Thursday, 27 February 2020

Leicester Square Statues

Celebrating a century of cinema a set of new statues were unveiled today in Leicester Square. The bronze representations of movie stars and characters are placed around the Square.

Most of them are around the main grass area in the centre, although Batman and Wonder Woman take a few more moments to find

Approaching from the south west corner the first character I came across was Bugs Bunny, straight out of his rabbit hole surrounded by carrots!




Next up is Gene Kelly hanging from a lamp-post as Don Lockwood from 'Singing in the Rain' - happily although it was raining heavily when they were unveiling them this morning the sun was out by lunchtime!


Not far up from him Mary Poppins and her umbrella were coming in to land. Given the earlier weather there were plenty of people with their own brollies trying to recreate the moment...



Taking a break on benches in the central area were Mr Bean and Paddington bear - quite a crowd of people here waiting to take selfies!




Also in this area Charlie Chaplin watching the world go by.



Just to the north of the Square bursting through a wall, Wonder Woman. I'm guessing the purple cloth spoiling the view was left from the shroud that was removed at the unveiling?!



On the roof of the Odeon on the east side of the Square, keeping an eye on proceedings, is Batman. Quite a steep view to look up, but the view from the far side of the square is interrupted by trees.



The last pair I saw, as I walked back along the south side of the Square were Laurel and Hardy - again the immediate view was a little interrupted by a tree. I suppose the trees are better now that they are leafless then they will be come Summer!


You can visit the statues in Leicester Square until 30th June.

Saturday, 22 June 2019

Phone boxes

K6 Phone box
K2 Phone box
Red phone boxes can be found all over the country; and on almost every street corner in Central London. The K2 is the older model and K6 the more recent version (K stands for kiosk).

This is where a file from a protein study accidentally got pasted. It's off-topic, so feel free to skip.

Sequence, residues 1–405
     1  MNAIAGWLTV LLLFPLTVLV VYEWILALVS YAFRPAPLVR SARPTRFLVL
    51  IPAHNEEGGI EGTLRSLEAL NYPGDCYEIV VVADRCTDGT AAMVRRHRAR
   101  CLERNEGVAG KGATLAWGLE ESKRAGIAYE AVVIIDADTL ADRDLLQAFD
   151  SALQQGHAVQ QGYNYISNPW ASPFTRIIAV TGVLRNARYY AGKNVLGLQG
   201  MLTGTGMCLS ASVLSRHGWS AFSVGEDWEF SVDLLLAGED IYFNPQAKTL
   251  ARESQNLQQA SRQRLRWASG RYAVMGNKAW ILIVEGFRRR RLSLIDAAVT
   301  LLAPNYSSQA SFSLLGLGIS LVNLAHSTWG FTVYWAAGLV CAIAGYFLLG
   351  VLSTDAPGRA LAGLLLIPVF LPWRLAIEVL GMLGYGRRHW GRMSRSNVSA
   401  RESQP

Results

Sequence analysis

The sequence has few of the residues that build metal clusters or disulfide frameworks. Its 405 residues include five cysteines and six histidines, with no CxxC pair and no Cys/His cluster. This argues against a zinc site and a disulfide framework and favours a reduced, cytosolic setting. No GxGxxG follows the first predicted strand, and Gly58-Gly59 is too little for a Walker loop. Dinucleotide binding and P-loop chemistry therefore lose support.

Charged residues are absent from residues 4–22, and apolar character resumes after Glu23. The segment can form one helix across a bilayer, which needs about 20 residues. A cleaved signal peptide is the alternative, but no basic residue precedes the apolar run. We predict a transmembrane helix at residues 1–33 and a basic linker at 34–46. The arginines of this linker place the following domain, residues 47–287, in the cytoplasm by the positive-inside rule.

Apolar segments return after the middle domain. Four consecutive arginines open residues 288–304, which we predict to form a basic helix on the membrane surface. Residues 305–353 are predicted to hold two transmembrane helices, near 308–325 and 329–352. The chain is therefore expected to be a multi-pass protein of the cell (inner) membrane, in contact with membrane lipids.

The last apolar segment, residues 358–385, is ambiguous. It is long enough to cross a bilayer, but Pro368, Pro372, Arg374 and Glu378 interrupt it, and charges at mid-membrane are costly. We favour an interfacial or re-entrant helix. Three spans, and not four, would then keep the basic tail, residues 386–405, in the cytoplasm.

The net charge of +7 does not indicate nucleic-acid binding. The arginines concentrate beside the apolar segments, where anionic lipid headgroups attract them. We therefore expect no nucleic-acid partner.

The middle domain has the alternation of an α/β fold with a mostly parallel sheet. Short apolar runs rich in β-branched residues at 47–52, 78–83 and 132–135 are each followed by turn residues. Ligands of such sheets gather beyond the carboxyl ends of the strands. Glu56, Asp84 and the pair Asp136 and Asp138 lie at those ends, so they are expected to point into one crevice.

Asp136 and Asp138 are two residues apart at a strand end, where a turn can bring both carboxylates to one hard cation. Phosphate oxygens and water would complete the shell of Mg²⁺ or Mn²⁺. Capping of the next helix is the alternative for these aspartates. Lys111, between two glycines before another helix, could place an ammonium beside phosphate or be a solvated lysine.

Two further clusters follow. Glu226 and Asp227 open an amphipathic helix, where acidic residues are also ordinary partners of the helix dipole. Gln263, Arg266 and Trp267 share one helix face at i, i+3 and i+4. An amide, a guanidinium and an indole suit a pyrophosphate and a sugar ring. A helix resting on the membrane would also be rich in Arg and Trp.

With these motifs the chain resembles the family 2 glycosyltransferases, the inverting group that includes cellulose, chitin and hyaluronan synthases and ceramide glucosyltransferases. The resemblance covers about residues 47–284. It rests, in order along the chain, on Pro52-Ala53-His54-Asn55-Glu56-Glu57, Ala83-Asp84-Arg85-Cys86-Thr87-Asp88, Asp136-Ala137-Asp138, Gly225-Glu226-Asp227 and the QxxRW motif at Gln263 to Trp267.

K1 was the first design; Historic England lists six  (Grade II listed) none of which are on the streets of London. The K1 dates back to 1920.

The K2 followed in 1924 as the result of a competition won by Sir Giles Gilbert Scott. The K2 is easily recognisable by its equal sized panes of glass.

The K3, K4 and K5 were not widely distributed (if at all in the case of the K5) - and the next significant development is the K6. The K6 has one wide of pane with two narrower panes either side and is somewhat smaller than the K2.

All phone boxes had a crown above the 'telephone' representing the British Government; at the time phone boxes were run by the post office who were, at the time, part of the Government.


K2 phone boxes have an embossed crown which doubles as a ventilation hole. On K6 phone boxes the crown is represented in bas-relief and a ventilation hole is provided elsewhere.

In 1953 Queen Elizabeth replaced the Tudor Crown which had been used to represent the monarchy with the St Edward's Crown (the crown used at coronations) - a pair of K6 phone boxes are shown here with the St Edward's Crown on the right



Thursday, 6 June 2019

D-Day Landings

Much of the planning for the D-Day Landings took pace at Norfolk House on St James's Square in London. To commemorate this and the 75th Anniversary of the landings this commemorative postbox has been installed on St James's Square - just turn left out of Charles II Street.